As Bryson Jennings performed at the Five After Five concert Thursday, some in the audience talked about the demise of the Five Points venue where Jennings, a country singer, had become a fixture.
A night earlier, The State mentioned on Twitter that 5 Points Pub, the shopping and entertainment district’s only dedicated music venue, had closed. After years of closings and ownership and name changes that confused bargoers, it wasn’t shocking to hear that the venue had abruptly shut down, forcing promoters to jockey shows.
Only this time there isn’t an immediate party interested in rebooting the Devine Street space. But there soon might be a venue to fill the void left by the club, only it probably won’t be in Five Points.
Trae Judy of Music Farm Productions confirmed a rumor that the concert-booking agency that owns Charleston’s Music Farm was looking to open a Columbia venue.
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“We’re definitely looking and I feel like we’re getting close,” he said.
But the space at 2020 Devine St., which has a 225-person capacity, isn’t what the production company, formally known as All-In Entertainment, is seeking.
“For what we do, it’s just not big enough,” Judy said, adding that his company was in the market for a room that could accommodate at least 400. “That’s the size venue Columbia is hurting for.”
Five Points has been hurting for music venue stability since Elbow Room closed in 2002. The irony that 5PP closed the same weekend that Jam Room celebrated the iconic Five Points club Rockafellas’ was so thick it was sliceable. But the closing and celebration were reminders that in the music club business, even if the show must always go on, nothing is permanent about the address — or venue name — where the show is held.
After changing its name from Pub on Santee in 2007, 5PP went on to establish itself as an important place for local, regional and national bands wanting to play Columbia gigs. Then Sudworks Taphouse opened in January 2009. A $20,000 tap system was installed, and when the pool tables were removed is when the trouble began.
Just five months later, the place was renamed Elbow Room. A year after that, it was dubbed The House. In the summer of 2011, ownership changed the name back to 5 Points Pub. In the winter of that year, Vance McNabb was brought in to revive the club.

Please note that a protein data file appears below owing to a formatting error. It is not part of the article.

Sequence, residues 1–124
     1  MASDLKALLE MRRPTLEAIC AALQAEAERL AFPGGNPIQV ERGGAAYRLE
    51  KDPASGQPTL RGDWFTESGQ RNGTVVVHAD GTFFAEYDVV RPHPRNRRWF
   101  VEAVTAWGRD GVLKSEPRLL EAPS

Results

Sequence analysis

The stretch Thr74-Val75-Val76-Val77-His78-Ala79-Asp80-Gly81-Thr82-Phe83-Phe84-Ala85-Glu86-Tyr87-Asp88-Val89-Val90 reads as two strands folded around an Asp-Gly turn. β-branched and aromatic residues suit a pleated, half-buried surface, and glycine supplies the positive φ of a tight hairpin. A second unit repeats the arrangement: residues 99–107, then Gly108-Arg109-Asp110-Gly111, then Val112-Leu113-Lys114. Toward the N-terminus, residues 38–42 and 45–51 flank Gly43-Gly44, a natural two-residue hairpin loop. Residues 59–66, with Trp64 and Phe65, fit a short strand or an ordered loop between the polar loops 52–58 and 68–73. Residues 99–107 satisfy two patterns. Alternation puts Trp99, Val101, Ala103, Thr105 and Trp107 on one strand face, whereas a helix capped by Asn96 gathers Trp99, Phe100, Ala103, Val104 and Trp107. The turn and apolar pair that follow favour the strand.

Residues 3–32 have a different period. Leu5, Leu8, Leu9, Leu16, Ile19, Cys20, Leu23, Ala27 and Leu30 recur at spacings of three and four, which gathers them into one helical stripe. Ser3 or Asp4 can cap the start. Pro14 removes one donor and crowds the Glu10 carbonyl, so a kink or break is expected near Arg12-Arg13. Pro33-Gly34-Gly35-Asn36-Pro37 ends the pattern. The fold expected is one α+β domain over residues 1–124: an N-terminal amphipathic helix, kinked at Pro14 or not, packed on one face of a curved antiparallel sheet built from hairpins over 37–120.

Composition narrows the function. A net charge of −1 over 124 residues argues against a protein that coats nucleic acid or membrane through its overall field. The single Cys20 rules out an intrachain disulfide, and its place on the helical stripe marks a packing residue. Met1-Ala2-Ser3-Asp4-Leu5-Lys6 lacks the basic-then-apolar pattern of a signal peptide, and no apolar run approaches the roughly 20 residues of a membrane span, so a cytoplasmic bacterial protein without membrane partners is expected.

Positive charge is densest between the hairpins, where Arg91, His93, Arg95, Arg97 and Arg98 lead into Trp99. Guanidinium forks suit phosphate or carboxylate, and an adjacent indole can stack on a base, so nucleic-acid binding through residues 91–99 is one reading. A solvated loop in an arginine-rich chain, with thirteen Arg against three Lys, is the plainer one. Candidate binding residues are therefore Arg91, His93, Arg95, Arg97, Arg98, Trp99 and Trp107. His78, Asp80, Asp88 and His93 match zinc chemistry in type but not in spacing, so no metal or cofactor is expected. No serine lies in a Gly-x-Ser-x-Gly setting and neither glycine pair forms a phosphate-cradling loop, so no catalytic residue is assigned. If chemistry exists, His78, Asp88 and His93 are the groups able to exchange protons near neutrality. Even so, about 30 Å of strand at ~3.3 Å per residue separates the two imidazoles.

“In order for a venue to stay down in Five Points, the attendance numbers on the music shows and the bar numbers need to increase dramatically,” McNabb told The State at the time.
Neither McNabb nor Ronnie Stepp, one the 5PP’s owners, responded to requests for comment.
The club had its core performers like Jennings, as well as Ben G and Atlas Road Crew, among others, who drew capacity crowds. The bar relied heavily on college-aged patrons to fill the club, a reliance that can be crippling once students leave for summer break, according to a former club owner.
“We had a really tough time in the summer even if we had a great year,” said Dave Britt, a former owner of Headliners in the Vista and the White Mule on Main Street.
Britt, now the executive director for the Greater Rosewood Merchants Association, still occasionally books shows. He moved last Friday night’s gig that was scheduled at 5PP to Concocktions on Harden Street.
The Five Points Association doesn’t actively recruit businesses, but Amy Beth Franks, the interim executive director, said 5PP was “one of those necessary places for Five Points.”
A common perception is that Columbia, a medium-sized city, should be able to sustain a relatively small rock club. Music fans are fickle, and the red-hot EDM (electronic dance music) craze is sure to cool, so clubs have to be flexible to stay competitive.
“You’ve got to be a little creative and use your space in as many ways as possible,” said Judy, who noted that The Music Farm rents its hall to a church on Sunday.